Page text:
Lew Lipshitz said...

The man. R.I.P.

rhhardin said...

Playing alive or dead is a good talk show bit for co-hosts.

I'd have guessed dead, not having heard his name for decades.

Clyde said...

There are too few players these days who spend their entire career on one team. Of course, back in Musial's day, that wasn't up to the player.

Two Hall of Famers passed away in one day; there will be floral arrangements next to two plaques today. A sad day for baseball.

Clyde said...
This comment has been removed by the author.
edutcher said...

Brooklyn.

Those were the days, my friend.

William said...

I don't think that even on the internet you will be able to find a single unkind comment about him. He died at 92, a year later than the wife he had been married to for his entire life. He played his whole career with the Cardinals where he was loved by the fans and his teammates. He was survived by his children, grandchildren, and great grandchildren.....I think his contemporaries, Ted Williams and Joe DiMaggio, had more jewels in their crowns, but he had, far and away, the most successful life.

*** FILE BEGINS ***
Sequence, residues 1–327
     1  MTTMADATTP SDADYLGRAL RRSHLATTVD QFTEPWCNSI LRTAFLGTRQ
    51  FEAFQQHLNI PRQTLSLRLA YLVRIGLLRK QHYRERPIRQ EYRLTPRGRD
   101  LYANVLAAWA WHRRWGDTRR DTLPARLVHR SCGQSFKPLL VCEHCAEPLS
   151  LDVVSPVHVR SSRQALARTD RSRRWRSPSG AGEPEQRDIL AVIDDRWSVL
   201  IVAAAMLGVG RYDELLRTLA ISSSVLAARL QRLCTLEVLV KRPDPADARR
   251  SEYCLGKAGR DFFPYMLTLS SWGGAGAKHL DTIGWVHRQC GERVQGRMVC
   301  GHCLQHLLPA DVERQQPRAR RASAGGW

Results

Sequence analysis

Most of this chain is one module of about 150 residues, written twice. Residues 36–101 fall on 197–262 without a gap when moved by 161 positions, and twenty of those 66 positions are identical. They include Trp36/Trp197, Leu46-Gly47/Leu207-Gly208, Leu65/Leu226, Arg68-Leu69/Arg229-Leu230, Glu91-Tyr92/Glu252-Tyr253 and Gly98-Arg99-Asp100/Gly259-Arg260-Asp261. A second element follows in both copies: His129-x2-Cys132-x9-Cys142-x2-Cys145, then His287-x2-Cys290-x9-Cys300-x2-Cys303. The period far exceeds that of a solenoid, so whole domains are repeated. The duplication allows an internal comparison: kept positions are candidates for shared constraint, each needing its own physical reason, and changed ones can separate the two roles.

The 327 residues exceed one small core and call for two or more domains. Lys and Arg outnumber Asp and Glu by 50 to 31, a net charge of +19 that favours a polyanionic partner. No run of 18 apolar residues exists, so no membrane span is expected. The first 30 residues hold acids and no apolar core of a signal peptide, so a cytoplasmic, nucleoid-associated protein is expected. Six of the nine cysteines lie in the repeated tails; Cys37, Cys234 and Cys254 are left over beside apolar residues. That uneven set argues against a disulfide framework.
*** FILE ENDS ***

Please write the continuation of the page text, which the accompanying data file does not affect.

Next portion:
phx said...

I remember when John Paul I became pope Stan Musial was the punchline to the question "Who was the first Polish cardinal?"

Patrick said...

Stan the Man, rest in peace. A life well lived.

ndspinelli said...

There's a great bio of Stan the Man. He grew up in a poor, Polish family in western Pa. He never forgot who he was and was praised by the early black players as one of the good guys. Don't hold this against him you idealogues but Stan campaigned for JFK. He toured w/ Angie Dickinson and James Michener giving speeches @ rallys. Now there's an eclectic group. Stan became aa lifelong friend of both. Now, here's some red meat for you idealogues. When they had the All Star game in St. Louis a few years back it was supposed to be a tribute to The Man ala the tribute for The Kid in Fenway about a decade earlier. Obama decided last minute to come so he stole the show. Stan had a tradition of always playing a quick song on his harmonica @ HOF inductions in Cooperstown. Some folks started calling Albert Pujols el Hombre but he put an end to it saying their is one one "The Man."